Figurines, Slaves and Soldiers

Hey! Have you ever wondered what it’s really like to go on an archaeological dig?

Are you fascinated by the ancient things in museums? Ever wondered who made them?

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If you’re 14 to 16 years old and are fascinated by the ancient world, I’d love to share that story with you. This book is written for you, in straightforward language, so you can also experience the excitement of an archaeological dig and discover the world of ancient figurines!

Now’s your chance to explore an ancient city of the Neo-Assyrian Empire; a vast region of the ancient Middle East which was ruled over by strong but ruthless kings. They moved out from their capital city, Assur, west towards the Mediterranean Sea, encountering other kingdoms along the way.

The capital city of one of these little kingdoms was called Til Barsib. It was captured by the Assyrian King, Shalmaneser III in 856 BCE. He renamed the city after himself  - Kar Shalmaneser or the port of Shalmaneser - and it became a very important town and fortress.

Through the 1990s the town of Til Barsib was excavated by archaeologists. They wanted to know how ordinary people lived in that town which was overrun with soldiers and foreign merchants and businesspeople. Five buildings were found and two of them were excavated widely and deeply, providing lots of information about how the people who lived in these buildings lived and worked.

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Me as a young archaeologist excavating at Tell Ahmar.

Tell Ahmar, Euphrates River, North Syria

Tell Ahmar from the Euphrates River (own photo).

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3D Image of the houses excavated at Area C.

Now’s your chance to explore an ancient city of the Neo-Assyrian Empire; a vast region of the ancient Middle East which was ruled over by strong but ruthless kings. They moved out from their capital city, Assur, west towards the Mediterranean Sea, encountering other kingdoms along the way.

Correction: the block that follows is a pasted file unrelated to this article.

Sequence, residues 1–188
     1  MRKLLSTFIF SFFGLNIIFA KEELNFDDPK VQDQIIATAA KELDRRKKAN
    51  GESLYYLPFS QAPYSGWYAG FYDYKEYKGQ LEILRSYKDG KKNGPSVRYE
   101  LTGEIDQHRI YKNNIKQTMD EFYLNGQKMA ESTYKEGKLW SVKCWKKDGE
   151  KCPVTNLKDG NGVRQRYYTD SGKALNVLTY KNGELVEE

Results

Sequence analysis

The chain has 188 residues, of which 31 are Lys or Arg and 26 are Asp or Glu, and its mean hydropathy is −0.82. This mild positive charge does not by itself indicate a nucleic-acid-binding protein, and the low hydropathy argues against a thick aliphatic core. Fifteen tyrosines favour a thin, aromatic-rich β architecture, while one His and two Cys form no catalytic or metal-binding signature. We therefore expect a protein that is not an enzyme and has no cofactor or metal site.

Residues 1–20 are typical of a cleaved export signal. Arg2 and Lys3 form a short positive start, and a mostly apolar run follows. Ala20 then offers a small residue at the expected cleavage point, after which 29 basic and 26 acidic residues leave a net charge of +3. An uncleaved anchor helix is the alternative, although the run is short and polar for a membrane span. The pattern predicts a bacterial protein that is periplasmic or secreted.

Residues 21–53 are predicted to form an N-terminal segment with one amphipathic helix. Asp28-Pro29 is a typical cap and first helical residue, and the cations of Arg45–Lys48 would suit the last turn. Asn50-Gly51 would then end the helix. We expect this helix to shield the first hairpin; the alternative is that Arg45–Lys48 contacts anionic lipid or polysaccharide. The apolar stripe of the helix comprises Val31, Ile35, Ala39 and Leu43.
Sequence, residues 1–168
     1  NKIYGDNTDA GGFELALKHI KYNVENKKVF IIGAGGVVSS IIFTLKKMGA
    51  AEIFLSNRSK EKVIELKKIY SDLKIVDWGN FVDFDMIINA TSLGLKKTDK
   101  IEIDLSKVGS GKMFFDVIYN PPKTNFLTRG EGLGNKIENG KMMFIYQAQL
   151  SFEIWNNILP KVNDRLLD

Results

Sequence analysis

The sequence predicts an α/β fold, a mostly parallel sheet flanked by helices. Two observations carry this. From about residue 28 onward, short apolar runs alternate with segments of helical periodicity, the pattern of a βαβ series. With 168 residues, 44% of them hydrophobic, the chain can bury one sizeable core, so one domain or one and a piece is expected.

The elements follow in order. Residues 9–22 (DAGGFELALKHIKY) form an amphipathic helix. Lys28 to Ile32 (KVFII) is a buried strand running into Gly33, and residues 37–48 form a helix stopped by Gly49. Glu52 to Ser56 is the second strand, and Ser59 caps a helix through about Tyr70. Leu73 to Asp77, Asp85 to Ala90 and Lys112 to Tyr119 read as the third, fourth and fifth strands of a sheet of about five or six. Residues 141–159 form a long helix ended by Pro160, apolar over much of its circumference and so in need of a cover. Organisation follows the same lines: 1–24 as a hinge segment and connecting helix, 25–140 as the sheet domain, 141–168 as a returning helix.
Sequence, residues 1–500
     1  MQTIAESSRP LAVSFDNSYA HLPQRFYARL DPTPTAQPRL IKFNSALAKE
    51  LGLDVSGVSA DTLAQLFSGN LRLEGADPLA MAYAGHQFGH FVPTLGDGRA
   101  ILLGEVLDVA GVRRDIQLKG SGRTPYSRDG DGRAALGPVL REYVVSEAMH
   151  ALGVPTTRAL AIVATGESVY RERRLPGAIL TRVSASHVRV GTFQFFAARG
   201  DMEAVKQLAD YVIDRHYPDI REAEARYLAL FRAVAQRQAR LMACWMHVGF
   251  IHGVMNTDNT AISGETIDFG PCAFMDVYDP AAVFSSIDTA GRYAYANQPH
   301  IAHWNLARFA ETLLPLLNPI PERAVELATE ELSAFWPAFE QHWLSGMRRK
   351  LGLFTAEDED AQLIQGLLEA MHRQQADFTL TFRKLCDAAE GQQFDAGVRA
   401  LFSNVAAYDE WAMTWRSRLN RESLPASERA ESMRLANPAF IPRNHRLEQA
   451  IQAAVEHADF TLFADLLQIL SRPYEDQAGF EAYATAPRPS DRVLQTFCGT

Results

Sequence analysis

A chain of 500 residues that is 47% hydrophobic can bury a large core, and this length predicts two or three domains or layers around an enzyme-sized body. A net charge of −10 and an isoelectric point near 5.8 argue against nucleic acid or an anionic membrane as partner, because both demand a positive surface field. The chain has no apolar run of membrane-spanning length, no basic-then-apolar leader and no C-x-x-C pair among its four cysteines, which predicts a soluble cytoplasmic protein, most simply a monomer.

The capital city of one of these little kingdoms was called Til Barsib. It was captured by the Assyrian King, Shalmaneser III in 856 BCE. He renamed the city after himself  - Kar Shalmaneser or the port of Shalmaneser - and it became a very important town and fortress.

Through the 1990s the town of Til Barsib was excavated by archaeologists. They wanted to know how ordinary people lived in that town which was overrun with soldiers and foreign merchants and businesspeople. Five buildings were found and two of them were excavated widely and deeply, providing lots of information about how the people who lived in these buildings lived and worked.

​2600 years ago Kar Shalmaneser was a bustling commercial city on the Euphrates River.  A glorious royal residence, reminiscent of the magnificence of the Assur palaces was built on the remains of thousands of years of prior occupation; King Shalmaneser III’s home away from home when visiting the outlying provinces of his great empire. 

Neo-Assyrian soldiers at Kar Shalmaneser (artist's impression)

Neo-Assyrian soldiers at Kar Shalmaneser (artist's impression)

In the middle city, merchants created small-scale enterprises, selling their products as far away as the capital Assur. 

One such businessman, possibly named Hanni, may have had such a workshop, where archaeological excavations have recovered a number of baked clay figurines, human and animal…

  • Who made them?
  • What purpose did they serve?
  • How can archaeologists think about figurines?
  • Why are figurines so fascinating?

People have created models and images of human beings for thousands of years.

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Body from a horse rider figurine wearing armor, Tell Ahmar.



Why do we do this? Make tiny images of human beings? Did you have dolls when you were young? Maybe you played with plastic soldiers when you were little. Do your parents have little clay figurines in your house? Some people like to collect them.


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Headless standing figurine from Tell Ahmar

Little figurines of humans, whether they are made of plastic, metal or clay, tell us something about the people who made them or used them. Archaeologists think about why ancient people made the objects they made. What purpose did the figurines have? Why did they look like that? What did they mean?

Join me as I show you how I started to think about the figurines. It’s a really interesting story. You can find ‘ordinary people’ who lived many hundreds of years ago by looking at the ordinary things they used in their lives. Figurines made of clay are pretty ‘ordinary’ but they tell a pretty amazing story.

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